The U.S. Department of Transportation (DOT) on Monday proposed new rulemaking that would require airlines to compensate passengers whose flights get delayed or canceled, a move it says is part of a two-year-long battle in favor of the consumer.
“When an airline causes a flight cancellation or delay, passengers should not foot the bill,” said U.S. Transportation Secretary Pete Buttigieg. “This rule would, for the first time in U.S. history, propose to require airlines to compensate passengers and cover expenses such as meals, hotels, and rebooking in cases where the airline has caused a cancellation or significant delay.”
The new rulemaking, which can be read in full here, would make specific the kind of compensation a passenger receives when there are “controllable delays or cancellations,” and would include in that compensation costs for meals, hotels, and rebooking in those situations.
The announcement hasn’t specified what a “controllable delay or cancellation” means or exactly what that compensation would be, but it did mention that the delays or cancellations would have to be “caused by something within the airline’s control, such as a mechanical issue.”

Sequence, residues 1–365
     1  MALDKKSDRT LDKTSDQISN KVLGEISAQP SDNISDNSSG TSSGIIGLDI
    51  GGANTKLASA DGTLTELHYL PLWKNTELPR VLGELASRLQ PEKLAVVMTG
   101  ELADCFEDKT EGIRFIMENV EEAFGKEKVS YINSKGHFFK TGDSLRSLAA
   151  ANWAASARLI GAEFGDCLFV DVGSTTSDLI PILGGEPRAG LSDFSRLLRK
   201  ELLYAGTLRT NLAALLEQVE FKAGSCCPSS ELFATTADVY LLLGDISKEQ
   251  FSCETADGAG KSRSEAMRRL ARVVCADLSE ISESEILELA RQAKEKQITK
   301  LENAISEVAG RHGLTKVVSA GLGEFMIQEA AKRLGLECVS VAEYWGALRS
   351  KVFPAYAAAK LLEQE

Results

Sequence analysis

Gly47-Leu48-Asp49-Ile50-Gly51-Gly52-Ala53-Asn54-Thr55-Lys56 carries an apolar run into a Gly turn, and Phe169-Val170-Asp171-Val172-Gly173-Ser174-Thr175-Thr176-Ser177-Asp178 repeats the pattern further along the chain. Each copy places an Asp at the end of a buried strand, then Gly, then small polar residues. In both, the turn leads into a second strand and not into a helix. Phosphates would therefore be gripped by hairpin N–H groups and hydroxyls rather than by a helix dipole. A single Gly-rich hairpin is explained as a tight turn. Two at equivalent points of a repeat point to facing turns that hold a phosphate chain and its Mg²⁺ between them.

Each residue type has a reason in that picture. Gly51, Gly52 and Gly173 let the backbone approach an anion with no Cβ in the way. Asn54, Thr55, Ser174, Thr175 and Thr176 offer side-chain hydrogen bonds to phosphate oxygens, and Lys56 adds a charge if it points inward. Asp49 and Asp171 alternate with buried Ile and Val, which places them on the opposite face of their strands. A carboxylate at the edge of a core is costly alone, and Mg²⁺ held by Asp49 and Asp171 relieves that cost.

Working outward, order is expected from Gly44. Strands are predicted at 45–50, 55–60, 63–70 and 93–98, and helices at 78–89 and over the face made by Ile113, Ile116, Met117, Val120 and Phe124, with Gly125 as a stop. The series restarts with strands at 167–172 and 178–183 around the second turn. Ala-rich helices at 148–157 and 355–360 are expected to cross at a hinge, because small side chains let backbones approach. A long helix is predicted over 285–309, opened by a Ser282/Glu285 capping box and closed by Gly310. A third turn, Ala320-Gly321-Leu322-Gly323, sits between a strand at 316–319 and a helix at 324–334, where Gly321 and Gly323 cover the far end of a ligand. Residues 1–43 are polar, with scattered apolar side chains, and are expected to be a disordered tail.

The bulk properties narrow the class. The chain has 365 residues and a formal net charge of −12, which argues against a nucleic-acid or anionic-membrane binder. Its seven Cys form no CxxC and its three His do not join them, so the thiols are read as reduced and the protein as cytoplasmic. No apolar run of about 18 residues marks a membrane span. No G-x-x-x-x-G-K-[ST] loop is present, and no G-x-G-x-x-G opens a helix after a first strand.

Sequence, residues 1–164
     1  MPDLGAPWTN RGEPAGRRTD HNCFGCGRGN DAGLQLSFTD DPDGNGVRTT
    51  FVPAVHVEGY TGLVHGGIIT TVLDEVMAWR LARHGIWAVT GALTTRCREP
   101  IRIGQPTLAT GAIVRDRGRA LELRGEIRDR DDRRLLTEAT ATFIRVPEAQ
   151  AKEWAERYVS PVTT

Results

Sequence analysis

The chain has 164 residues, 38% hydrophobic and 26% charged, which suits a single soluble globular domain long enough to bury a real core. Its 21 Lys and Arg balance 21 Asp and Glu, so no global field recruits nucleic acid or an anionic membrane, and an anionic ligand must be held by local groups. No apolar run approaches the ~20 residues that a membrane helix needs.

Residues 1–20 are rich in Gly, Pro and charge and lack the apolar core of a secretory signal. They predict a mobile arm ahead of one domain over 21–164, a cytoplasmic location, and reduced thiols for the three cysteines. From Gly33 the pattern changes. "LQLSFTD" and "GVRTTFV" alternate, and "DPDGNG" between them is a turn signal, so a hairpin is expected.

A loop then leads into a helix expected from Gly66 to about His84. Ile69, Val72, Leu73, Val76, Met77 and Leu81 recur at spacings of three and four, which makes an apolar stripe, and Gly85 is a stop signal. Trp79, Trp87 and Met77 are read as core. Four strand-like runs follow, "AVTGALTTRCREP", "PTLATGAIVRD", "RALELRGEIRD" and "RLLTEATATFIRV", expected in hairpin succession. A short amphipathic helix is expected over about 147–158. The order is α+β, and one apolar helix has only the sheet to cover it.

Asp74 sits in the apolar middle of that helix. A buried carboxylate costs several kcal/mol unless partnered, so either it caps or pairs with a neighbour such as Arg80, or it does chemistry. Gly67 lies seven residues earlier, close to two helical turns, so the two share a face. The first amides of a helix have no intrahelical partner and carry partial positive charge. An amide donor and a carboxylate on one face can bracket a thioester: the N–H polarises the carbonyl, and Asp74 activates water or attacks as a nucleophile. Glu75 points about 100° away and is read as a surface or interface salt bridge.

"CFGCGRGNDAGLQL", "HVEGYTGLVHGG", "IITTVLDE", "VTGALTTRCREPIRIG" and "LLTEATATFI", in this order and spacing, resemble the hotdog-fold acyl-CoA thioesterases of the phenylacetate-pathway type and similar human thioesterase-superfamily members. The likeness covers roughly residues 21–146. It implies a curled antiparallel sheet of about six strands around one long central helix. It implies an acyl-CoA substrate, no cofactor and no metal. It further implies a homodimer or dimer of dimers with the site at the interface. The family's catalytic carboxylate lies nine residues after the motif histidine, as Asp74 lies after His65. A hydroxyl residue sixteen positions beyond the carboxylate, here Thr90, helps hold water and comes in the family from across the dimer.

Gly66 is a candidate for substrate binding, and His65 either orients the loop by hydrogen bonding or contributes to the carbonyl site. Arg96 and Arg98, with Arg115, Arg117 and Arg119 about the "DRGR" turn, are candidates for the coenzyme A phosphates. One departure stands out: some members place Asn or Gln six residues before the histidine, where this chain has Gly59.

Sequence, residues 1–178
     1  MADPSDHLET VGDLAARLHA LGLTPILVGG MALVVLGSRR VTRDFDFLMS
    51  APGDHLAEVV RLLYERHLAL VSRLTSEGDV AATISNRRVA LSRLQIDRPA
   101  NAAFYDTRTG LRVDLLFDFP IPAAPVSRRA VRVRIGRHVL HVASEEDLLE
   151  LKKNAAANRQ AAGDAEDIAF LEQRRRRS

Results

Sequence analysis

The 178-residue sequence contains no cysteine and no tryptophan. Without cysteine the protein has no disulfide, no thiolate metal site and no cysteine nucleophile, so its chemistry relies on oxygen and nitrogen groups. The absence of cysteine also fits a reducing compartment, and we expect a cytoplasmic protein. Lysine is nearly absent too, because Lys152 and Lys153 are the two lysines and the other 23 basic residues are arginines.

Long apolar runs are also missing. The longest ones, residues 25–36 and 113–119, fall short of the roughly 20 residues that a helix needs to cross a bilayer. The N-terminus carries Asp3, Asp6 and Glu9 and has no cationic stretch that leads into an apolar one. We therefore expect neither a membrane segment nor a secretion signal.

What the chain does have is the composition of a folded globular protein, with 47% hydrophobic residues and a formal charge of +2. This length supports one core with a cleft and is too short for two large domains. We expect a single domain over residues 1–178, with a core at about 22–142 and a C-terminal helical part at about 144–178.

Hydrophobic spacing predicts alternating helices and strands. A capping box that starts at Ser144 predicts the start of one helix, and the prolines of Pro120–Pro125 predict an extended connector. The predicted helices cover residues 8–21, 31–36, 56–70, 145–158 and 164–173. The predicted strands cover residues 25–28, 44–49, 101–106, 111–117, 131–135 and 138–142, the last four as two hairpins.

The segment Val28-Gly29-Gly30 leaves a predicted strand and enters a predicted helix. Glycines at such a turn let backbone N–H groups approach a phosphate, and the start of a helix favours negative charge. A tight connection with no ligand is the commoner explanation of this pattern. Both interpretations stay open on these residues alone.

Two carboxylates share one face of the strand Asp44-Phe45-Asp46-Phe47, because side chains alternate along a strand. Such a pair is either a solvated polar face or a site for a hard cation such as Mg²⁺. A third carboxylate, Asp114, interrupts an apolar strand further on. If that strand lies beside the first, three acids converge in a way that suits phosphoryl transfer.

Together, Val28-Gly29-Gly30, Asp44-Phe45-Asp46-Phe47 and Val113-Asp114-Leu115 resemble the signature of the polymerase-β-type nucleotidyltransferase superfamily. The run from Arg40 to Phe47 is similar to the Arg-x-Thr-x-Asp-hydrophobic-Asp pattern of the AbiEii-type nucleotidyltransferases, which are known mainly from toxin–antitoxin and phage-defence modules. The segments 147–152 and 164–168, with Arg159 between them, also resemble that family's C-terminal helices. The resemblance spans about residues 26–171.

The DOT also did add new categories to its Commitments for Controllable Cancelations and Controllable Delays dashboard on its website, which could hint at what is to come.
Those new categories include listing what airlines cover costs for rebooking, provide complimentary hotel accommodations and complimentary ground transportation, give cash compensation or travel voucher, and credit frequent flyer miles to a traveler’s account.
Some carriers already provide part of those obligations—all do rebook passengers on the same airline at no additional cost and all provide a meal or meal cash/voucher when cancellation results in a passenger waiting for 3 hours or more for a new flight.
However, there are some that most carriers do not provide, mainly committing to frequent flyer miles for cancellations (only Alaska does so) and providing cash compensation when a cancellation results in a passenger waiting for 3 hours or more from the scheduled departure time (only Alaska and JetBlue do so).
The rulemaking could make those obligations standard, forcing all airlines, no matter if they are one of the Big Four U.S. carriers or an ultra-lost-cost carrier, to operate the same way when it comes to delays and cancellations.
Flyers traveling to, from, or through the U.S. have seen a significant shift in this kind of compensation and transparency recently. That includes guaranteeing hotel accommodations for stranded passengers (all 10 major U.S. airlines now do so).